North Dakota Democrats are denouncing Republican U.S. Rep. Kevin Cramer's recent vote to reduce spending on the food stamp program and using the controversy to spur recruiting of a candidate to run against him in 2014.
Numbers won't be anything like they were in the immigration era, but Norwegians -- a good many of them -- are on their way to Grand Forks. Cindy Dahl is ready to welcome them. About 50 people are coming from Sarpsborg, Grand Forks' sister city in Norway, including members of a male choir who will perform a public concert tonight.
The letters that once spelled out "Home of the Fighting Sioux" atop Ralph Engelstad Arena in Grand Forks now light up the evening sky outside a rural home near Pisek, N.D. They shine green now, not white. Mike Dvorak, who farms near Pisek, had the same company that installed the letters on REA and then removed them last spring put them up on a fence behind a new house that he and his wife, Sally, are building just off state Highway 18. "They knew what they were doing," Dvorak said of the Indigo Sign Co. crew. "My wife and I helped, and we had a good time.
GRAND FORKS, N.D. -- Roger Yankton Sr. has withdrawn his lawsuit in U.S. District Court seeking relief from a restraining order that had been issued against him by the Spirit Lake Tribal Court. The former tribal chairman had alleged the Aug.
UND's new College of Arts and Sciences dean has asked organizers of the UND Writers Conference to come up with a long-term funding plan or consider scaling back or even ending the annual spring event, which for more than four decades has brought students, faculty and townspeople together with literary giants. "It is an important conference, important not only to our internal UND community but also to the wider Grand Forks community," Dean Debbie Storrs said Tuesday. "We'd love to see it continue with the same quality of authors.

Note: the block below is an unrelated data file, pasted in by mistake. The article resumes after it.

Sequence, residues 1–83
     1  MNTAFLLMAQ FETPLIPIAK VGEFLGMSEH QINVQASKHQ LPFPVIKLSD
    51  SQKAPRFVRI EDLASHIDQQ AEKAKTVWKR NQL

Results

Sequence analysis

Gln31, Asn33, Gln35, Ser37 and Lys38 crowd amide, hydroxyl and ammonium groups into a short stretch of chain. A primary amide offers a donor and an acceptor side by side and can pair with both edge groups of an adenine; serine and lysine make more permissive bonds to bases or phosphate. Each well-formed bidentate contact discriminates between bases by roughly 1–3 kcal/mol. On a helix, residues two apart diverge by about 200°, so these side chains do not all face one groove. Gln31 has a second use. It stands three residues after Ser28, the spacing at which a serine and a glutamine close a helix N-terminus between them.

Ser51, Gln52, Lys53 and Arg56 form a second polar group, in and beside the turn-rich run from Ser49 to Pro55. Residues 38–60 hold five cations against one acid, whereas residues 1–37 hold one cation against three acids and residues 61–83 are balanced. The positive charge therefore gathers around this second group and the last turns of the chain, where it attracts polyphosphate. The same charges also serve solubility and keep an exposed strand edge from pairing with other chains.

It's Friday the 13th, so you may be one of millions of Americans who will approach this day with fear and trepidation -- or maybe not approach it at all, choosing instead to pull the bed covers over your head and refuse all invitations involving dinner, travel, marriage or other risky behavior. Why? One origin theory for the number 13's unhappy reputation comes out of Old Norse mythology, with Loki the trickster crashing a dinner party attended by 12 other gods and killing one with a spear of mistletoe (which apparently didn't much damage mistletoe's image).
As the nation debates how to respond to the deadly use of chemical weapons in Syria, Larry Aasen finds himself thinking about one of the last Americans who died as a result of a chemical weapons attack: his uncle Oliver Brenden, a farm boy from near Hillsboro, N.D., stricken by mustard gas nearly a century ago in the waning days of World War I. Brenden came home, but he received little medical care as he suffered and despaired for two years in a small bedroom at the farm home. "He could not help his dad or his brothers with the harvest," Aasen said.
The witness, a UND professor of marketing who had mentored a new, young professor of French for three years, listened as an attorney read through a series of accusations that had been made against the younger woman, his client. She had slammed doors. She had argued with colleagues and shown a lack of collegiality by promoting her classes and "competing" for advisees.
An appeals court has vacated a Spirit Lake Tribal Court order reinstating Roger Yankton Sr. as tribal chairman, and jubilant opponents of the former leader predicted the long power struggle is over. "This is it," said Erich Longie, a Spirit Lake elder and organizer of a petition drive to oust Yankton, who was elected chairman in early 2012.
Members of the Spirit Lake Tribal Council have asked a federal court to throw out a lawsuit brought last month by Roger Yankton Sr., who seeks to regain his position as chairman of the tribe. In a motion to dismiss filed this week in U.S. District Court in Grand Forks, they argue that tribal sovereignty "precludes the exercise of ... jurisdiction (by the court) over the named defendants." They also note that Yankton "has failed to exhaust tribal remedies" or "state a cause of action for which relief can be granted." In his lawsuit, filed Aug.